Hardin County E-911 Director Mike Leo has been named the Kentucky 911 Director of the Year.
Leo was presented the award in Louisville during this year’s KEMA/KENA-APCO Banquet.
Leo was nominated for the award by Hardin County 911 employee Anthony Coffey. In his submission, which was reported by the Meade County Messenger, Coffey said, “As a director he (Leo) has gone above to ensure that we not only operate at the highest level, but that we, the people underneath him, are taken care of in every way possible. …”
Having worked in the public safety field for 26 years, Leo said he was honored by the award, but at the same time, he doesn’t do what he does for recognition…
Sep. 27—Short on staff for nearly two years, Astoria’s emergency dispatch center will temporarily move operations to Seaside in October.
The dispatch center has been running with only a handful of dispatchers since early 2020, a situation that has required staff to shoulder a significant amount of overtime each month and that Astoria Police Chief Geoff Spalding said is undesirable and unsustainable. Meanwhile, the Seaside Dispatch Center has been fully staffed for a while for the first time in more than a decade.
Over the past year, Seaside dispatchers have traveled north to help out in Astoria, but the new agreement between the two cities will place Astoria’s four dispatchers in the Seaside office until four new hires can be fully trained. The arrangement could last as long as six months…
TEXARKANA — The purchase of a new dispatch, records and jail management computer systems for the Bi-State Justice Building should streamline information for law enforcement.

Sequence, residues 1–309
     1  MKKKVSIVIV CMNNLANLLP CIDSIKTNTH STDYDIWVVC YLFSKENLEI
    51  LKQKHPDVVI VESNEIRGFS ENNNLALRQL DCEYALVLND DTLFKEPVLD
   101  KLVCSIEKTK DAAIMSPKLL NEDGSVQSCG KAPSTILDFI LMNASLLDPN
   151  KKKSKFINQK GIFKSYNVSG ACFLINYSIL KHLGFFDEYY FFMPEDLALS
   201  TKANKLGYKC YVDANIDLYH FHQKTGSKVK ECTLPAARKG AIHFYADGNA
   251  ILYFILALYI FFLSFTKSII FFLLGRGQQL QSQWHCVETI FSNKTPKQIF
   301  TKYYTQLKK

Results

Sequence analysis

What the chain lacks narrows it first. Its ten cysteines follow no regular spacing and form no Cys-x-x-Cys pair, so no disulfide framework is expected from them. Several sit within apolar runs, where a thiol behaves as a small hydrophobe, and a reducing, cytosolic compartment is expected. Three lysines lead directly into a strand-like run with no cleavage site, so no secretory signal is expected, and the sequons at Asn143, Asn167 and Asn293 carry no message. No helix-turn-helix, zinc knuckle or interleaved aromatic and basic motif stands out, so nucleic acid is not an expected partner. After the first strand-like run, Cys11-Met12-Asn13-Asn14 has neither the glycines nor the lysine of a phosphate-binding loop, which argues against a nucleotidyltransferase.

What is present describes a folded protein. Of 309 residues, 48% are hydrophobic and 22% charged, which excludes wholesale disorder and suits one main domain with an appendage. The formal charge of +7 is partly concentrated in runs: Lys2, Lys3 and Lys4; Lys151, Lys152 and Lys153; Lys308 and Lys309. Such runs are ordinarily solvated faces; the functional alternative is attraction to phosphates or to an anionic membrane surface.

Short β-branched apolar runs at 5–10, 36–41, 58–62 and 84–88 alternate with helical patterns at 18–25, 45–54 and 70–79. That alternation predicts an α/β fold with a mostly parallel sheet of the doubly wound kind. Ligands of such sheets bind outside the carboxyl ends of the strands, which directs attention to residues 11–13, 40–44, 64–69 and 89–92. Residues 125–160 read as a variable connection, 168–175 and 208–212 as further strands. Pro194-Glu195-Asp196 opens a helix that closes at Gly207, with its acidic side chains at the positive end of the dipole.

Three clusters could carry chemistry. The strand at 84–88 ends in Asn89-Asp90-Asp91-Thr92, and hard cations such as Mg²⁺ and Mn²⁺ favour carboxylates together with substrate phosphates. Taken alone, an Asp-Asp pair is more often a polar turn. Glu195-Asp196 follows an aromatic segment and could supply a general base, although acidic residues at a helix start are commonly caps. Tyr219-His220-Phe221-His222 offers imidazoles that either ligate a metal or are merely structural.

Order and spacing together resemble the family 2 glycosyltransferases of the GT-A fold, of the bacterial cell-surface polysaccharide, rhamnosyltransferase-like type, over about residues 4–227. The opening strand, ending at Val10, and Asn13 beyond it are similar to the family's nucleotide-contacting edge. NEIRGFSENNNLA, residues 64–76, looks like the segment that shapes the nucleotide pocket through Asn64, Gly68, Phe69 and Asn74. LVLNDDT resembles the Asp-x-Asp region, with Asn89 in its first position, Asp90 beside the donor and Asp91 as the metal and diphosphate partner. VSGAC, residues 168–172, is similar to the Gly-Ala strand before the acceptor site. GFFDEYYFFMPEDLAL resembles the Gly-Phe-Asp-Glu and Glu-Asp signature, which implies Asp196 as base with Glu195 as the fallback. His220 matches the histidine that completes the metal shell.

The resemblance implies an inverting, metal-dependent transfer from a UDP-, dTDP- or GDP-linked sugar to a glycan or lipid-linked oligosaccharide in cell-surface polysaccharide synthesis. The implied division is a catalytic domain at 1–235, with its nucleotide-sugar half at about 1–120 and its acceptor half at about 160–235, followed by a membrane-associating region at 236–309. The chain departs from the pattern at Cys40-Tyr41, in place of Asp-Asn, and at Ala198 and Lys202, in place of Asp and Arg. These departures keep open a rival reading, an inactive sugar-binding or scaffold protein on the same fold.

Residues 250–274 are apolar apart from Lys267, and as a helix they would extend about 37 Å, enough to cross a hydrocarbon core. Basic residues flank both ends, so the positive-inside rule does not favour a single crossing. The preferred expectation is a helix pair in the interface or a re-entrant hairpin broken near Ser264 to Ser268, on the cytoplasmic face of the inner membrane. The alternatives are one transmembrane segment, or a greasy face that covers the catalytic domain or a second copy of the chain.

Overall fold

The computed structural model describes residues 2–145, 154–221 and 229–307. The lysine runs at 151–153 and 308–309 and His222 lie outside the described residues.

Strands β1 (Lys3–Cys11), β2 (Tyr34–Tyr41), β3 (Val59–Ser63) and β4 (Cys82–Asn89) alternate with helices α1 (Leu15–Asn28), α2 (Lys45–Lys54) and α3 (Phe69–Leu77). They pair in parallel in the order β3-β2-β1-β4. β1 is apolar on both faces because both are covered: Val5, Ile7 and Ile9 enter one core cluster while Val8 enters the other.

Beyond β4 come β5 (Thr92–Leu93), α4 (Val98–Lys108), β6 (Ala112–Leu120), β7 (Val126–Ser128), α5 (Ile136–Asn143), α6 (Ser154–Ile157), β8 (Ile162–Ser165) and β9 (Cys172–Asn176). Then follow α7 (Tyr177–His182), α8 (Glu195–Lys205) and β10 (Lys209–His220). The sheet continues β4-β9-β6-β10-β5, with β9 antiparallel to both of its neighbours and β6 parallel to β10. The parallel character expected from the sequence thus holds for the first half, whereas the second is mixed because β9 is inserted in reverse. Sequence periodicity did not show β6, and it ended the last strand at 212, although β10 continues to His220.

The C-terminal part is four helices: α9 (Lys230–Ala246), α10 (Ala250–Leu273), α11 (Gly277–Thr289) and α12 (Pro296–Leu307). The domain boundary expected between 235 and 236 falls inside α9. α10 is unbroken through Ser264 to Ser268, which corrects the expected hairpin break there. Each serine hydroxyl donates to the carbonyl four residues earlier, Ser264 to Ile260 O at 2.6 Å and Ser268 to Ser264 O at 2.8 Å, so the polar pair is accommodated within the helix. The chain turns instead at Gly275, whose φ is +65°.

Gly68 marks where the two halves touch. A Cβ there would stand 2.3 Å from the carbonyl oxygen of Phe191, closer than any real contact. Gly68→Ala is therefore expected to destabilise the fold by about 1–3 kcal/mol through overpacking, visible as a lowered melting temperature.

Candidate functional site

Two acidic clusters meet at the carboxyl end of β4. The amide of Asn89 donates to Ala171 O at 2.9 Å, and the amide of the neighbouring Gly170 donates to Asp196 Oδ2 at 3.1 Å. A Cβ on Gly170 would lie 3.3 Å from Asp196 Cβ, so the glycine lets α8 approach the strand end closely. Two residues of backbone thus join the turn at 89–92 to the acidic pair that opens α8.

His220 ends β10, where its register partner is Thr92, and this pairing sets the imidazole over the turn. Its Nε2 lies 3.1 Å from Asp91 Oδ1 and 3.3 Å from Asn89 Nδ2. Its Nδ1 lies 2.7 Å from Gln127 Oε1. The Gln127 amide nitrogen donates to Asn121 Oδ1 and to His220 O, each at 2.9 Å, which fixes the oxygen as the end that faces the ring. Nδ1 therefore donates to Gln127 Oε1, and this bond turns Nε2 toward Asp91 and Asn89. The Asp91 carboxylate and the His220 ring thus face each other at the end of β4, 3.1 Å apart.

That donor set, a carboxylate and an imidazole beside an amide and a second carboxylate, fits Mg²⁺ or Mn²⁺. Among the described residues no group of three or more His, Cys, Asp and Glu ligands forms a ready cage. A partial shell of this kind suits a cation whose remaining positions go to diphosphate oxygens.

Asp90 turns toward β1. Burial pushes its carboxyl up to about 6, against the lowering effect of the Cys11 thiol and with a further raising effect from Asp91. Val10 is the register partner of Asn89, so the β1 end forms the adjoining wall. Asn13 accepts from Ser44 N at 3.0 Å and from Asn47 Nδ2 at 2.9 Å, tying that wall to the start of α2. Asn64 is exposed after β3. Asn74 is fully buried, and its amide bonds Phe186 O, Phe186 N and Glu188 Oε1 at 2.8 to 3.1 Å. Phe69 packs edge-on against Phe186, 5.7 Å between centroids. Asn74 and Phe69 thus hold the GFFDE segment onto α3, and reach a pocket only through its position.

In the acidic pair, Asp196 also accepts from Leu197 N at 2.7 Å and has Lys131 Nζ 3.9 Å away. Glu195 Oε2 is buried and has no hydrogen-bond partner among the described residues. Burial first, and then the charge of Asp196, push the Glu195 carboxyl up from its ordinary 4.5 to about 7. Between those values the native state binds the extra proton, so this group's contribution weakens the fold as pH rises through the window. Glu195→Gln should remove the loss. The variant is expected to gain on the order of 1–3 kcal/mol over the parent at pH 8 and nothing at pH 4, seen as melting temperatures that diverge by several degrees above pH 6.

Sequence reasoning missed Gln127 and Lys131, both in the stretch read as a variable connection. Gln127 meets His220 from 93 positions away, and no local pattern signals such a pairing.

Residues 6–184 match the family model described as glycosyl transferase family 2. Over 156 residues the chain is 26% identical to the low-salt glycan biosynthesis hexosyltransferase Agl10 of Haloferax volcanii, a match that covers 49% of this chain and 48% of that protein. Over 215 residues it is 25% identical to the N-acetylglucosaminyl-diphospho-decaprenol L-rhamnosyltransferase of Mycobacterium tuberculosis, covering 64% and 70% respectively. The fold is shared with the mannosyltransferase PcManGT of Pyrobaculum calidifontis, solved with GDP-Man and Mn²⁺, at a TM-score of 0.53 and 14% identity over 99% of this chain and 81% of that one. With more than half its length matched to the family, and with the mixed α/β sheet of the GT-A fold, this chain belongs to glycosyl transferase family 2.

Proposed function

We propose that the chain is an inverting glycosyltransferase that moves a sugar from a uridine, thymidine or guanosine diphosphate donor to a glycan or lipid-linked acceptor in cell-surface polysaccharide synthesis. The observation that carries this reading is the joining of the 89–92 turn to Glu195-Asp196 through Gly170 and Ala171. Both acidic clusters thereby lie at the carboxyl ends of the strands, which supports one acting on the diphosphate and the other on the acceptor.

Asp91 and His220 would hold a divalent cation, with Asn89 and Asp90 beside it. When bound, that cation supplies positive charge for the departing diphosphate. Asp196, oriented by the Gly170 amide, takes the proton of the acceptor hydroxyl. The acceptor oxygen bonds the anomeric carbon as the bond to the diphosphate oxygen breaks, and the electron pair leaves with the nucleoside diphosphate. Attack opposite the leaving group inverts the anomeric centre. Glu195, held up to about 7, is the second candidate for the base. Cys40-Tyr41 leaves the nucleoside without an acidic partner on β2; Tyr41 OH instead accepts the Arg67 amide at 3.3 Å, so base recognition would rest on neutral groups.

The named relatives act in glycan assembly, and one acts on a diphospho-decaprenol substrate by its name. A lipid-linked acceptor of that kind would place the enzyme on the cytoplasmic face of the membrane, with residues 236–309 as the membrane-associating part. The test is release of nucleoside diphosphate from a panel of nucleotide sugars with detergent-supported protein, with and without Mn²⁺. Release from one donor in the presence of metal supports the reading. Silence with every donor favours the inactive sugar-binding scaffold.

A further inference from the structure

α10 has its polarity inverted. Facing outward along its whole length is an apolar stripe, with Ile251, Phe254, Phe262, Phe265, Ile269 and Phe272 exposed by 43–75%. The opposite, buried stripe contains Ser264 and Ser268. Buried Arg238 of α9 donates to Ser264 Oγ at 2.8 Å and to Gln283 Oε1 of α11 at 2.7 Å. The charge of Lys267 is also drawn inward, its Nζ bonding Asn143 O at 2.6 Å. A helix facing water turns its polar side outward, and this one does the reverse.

Both Texarkanas and Bowie County are buying the system jointly. The goal is to integrate functions among police and the Sheriff’s Office in the Bi-state Justice Building.
The Texas-side agencies have used one system, Texarkana Arkansas Police Department uses another, and all systems in use are nearing or beyond their expected functional lifespans, said Doug Avery with the TAPD’s Central Records and Communications Department…
Austin Police Department officials are finalizing plans to dispatch civilians instead of police officers to certain types of calls that do not involve emergencies as a way to maximize patrol staffing and respond to reformers’ demands for change.
Interim Police Chief Joe Chacon hinted at his plan Wednesday during an announcement that he would step into the job permanently, pending City Council confirmation Thursday.
On Friday, the department released more information about the plan, which is likely to be announced this week.
“The Austin Police Department regularly reviews response policies and procedures to ensure APD prioritizes calls with an immediate threat to life or property over non-emergency calls for service,” the department said in a statement. “As a result of a recent review … recent staffing challenges and aligning with the Reimagining Public Safety Task Force patrol response recommendations, APD will change call routing and response for non-emergency calls for service effective Oct. 1…
The Albany Firefighters’ Union is once again raising the alarm over staffing levels at the city’s dispatch center.
According to the union, just four dispatchers were working Saturday night.
Those four had to handle 911 calls, not just for fire, but for police and EMS as well.
In addition to taking emergency calls, dispatchers also handle non-emergency calls and send out emergency notifications, like the ones you get during a major storm…